Leaders excel by being aware of self and others, and the situation at hand. We lead in a time of perpetual chaotic change, we drink from a fire hose of information, and we interact with people from around the globe with different perspectives, cultural norms, and communication styles. To achieve high performance, we need to uptake massive information quickly, process in a non-biased open-minded manner, and respond compassionately. Mindfulness practice gets us there. With training, through meditation or other mindful techniques, our minds become more sensitive and less reactive to the stimuli that are constantly flowing through, permitting us to move out of automatic mode and make more deliberate choices about what we say and how we act.
Leaders Need to Train Their Minds As Well as Their Bodies a recent Forbes article explained. Based on information from Megan Reitz, researcher and author, three important mindfulness practices are meta-awareness, allowing, and inquiry. Meta-awareness is the ability in the moment to notice and acknowledge our own thoughts, feelings, sensations, and impulses – understanding that they are temporary and we can choose if we act on them. Allowing is a kind and compassionate attitude – letting things be without judgment. Inquiry is a curiosity of the present moment – wondering how the current situation will unfold. We build a leaders mind by practicing these techniques, just like we build muscles through exercise. Mindful leadership is additive to other skills and techniques required to be an excellent leader as heightened awareness simply helps us apply learned skills more wisely.
Entrepreneur article, Mindfulness Isn’t Just a Trend, It’s Key to Being a Better Leader emphasized the benefit of unlocking intrinsic motivation for today’s workforce that is seeking meaning and purpose. Based on the extensive research of Jacqueline Carter and Rasmus Hougaard, mindfulness generates greater mental effectiveness for the realization of a leader’s potential. In their recent book, “The Mind of the Leader” the authors’ claim mindfulness, selflessness, and compassion are essential leadership skills. Mindfulness, in particular being present, attentive, and curious is what teaches us how our own minds work. “By understanding how your mind works, you can lead yourself effectively. By understanding and leading yourself effectively, you can understand others and be able to lead them more effectively.” Long-term mindfulness practice leads to selflessness, where we no longer constantly act as if we are the center of the universe, and to compassion, where we are able to take others’ perspectives into consideration before we speak or act.
In the words of LinkedIn’s Jeff Weiner, “Compassion is putting ourselves in the shoes of another person and seeing the world through their lens for the sake of alleviating their suffering.” For him compassionate leadership meant “pausing, and being a spectator to my own thoughts, especially when getting emotional. It meant walking a mile in the other person’s shoes; and understanding their hopes, their fears, their strengths and their weaknesses. And it meant doing everything within my power to set them up to be successful.”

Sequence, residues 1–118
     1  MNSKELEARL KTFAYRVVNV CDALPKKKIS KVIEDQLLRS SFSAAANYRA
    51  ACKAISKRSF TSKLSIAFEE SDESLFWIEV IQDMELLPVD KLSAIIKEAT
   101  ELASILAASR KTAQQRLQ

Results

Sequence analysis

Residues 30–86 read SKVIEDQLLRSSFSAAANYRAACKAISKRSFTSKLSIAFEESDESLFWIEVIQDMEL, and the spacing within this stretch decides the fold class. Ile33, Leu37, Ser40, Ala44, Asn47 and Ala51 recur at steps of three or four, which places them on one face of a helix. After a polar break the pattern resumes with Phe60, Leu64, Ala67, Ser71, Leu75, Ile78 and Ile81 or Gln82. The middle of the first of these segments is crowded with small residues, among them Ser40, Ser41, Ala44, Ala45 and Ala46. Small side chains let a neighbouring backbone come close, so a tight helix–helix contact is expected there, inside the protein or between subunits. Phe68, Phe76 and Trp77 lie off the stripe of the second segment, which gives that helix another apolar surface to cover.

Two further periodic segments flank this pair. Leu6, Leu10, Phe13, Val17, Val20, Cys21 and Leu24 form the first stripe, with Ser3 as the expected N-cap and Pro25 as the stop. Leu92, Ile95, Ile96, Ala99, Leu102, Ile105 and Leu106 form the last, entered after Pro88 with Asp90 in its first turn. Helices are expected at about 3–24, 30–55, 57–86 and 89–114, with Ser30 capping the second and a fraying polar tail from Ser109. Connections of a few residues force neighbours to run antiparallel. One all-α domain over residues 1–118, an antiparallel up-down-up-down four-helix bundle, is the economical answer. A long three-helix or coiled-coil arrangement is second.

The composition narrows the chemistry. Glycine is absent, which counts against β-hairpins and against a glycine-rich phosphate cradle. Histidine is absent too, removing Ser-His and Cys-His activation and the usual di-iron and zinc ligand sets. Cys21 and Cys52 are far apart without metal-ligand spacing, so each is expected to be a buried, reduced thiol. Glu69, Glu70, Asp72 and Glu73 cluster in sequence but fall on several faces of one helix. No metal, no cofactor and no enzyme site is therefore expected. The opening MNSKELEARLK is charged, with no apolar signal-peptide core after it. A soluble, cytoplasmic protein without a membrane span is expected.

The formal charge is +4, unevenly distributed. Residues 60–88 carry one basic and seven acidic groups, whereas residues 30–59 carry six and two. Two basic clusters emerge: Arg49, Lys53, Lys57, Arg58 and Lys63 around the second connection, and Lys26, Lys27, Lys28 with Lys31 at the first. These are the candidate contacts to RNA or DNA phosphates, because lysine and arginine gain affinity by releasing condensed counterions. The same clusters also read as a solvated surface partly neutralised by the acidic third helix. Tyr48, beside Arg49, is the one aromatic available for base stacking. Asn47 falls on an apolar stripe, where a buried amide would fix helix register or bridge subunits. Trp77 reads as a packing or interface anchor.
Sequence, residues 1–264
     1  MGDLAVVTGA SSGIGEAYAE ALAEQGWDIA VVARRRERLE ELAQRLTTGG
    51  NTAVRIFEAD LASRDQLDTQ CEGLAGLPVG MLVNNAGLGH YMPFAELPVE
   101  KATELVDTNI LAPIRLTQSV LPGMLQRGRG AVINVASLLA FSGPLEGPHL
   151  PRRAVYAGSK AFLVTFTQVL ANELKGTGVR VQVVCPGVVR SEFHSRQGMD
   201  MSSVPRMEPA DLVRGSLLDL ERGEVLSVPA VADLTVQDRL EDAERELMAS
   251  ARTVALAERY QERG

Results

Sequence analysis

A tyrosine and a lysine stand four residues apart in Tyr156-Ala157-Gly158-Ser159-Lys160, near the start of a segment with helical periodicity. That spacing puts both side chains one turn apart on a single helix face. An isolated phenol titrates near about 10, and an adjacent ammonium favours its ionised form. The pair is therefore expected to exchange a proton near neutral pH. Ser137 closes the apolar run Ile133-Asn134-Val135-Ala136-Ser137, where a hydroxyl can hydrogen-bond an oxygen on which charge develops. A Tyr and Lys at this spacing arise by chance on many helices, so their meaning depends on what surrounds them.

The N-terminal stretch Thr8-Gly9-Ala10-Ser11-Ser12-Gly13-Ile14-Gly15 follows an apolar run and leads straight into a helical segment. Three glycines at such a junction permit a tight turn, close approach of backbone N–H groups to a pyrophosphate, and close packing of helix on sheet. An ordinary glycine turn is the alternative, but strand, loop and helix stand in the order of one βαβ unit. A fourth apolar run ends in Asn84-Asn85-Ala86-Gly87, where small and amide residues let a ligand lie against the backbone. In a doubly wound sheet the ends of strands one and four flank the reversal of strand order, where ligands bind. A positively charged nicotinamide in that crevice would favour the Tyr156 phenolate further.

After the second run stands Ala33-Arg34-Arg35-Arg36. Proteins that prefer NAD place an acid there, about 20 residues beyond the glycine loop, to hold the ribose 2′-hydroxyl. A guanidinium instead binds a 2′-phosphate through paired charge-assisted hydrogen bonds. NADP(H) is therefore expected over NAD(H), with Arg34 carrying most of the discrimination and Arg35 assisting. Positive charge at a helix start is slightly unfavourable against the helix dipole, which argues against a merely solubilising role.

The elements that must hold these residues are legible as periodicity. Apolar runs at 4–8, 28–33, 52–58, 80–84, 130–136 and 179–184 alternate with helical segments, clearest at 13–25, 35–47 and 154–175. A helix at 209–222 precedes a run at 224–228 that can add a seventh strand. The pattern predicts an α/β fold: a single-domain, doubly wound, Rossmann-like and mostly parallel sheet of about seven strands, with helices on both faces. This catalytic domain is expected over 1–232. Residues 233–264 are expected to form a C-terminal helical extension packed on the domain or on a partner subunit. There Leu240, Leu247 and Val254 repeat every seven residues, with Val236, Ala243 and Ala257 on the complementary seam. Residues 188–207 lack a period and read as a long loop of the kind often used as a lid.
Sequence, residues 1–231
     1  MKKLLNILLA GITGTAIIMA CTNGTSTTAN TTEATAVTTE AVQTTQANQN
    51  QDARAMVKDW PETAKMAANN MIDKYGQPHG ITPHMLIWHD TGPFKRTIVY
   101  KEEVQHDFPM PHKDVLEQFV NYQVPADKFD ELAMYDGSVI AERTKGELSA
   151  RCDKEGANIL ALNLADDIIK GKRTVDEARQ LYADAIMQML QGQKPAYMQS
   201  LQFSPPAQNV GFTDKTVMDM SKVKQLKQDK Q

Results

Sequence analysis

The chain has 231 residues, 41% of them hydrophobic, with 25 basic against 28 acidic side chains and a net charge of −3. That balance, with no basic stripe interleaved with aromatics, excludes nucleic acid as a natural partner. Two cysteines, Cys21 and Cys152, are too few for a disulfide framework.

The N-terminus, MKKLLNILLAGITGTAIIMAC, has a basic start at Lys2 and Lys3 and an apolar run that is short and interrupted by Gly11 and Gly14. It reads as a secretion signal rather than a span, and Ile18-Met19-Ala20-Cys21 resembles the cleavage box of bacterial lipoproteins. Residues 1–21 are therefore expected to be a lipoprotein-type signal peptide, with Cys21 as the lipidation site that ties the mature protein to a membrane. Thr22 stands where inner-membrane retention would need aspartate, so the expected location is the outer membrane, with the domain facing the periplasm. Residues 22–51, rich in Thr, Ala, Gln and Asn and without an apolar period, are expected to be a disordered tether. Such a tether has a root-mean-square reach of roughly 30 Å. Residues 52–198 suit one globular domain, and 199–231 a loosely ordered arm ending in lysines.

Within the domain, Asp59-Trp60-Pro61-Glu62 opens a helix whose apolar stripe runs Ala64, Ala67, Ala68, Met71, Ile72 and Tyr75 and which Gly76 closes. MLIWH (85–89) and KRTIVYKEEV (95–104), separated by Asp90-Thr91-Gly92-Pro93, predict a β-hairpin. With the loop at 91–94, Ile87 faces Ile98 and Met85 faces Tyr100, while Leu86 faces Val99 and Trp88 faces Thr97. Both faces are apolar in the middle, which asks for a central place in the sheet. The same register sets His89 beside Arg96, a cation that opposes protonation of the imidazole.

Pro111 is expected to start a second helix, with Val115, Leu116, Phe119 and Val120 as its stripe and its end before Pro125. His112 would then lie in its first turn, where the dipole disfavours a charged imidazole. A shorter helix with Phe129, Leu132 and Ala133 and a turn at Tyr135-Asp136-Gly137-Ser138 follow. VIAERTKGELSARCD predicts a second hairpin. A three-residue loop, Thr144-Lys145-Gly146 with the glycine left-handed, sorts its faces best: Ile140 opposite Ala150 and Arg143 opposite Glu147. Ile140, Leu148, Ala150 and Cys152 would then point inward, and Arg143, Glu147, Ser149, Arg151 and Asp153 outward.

Here is the rub. Being an attentive leader simultaneously processing information about ourselves, others, and the environment is not easy. I have practiced mindfulness almost daily since 1999 and I am still constantly learning about my own mind. That said, I have developed acute sensitivity to my thoughts, feelings, sensations, impulses, and to others in my environment. That allows me to make decisions based on a greater amount of information. My practice also allows me to change course quickly when I discover a bad habit arising or see that my current course is not effective. There is a good reason it is called ‘mindfulness practice’ because it is an ongoing effort and, just like exercise, it takes constant hard work to see the benefits.
We are better leaders when in a chaotic moment we can simultaneously be aware of our own thoughts, feelings, and sensations and have a broad enough vantage to incorporate diverse perspectives of others. Tapping all that information we can make better decisions and communicate compassionately. To get there, we practice mindfulness daily. There are now several meditation apps to support us, including my favorite Insight Timer. Then when we are aware of something awry in a given situation, be that in our own minds or in what we observe in others, we pause, take the time to acknowledge and allow what is happening, and then respond with intention.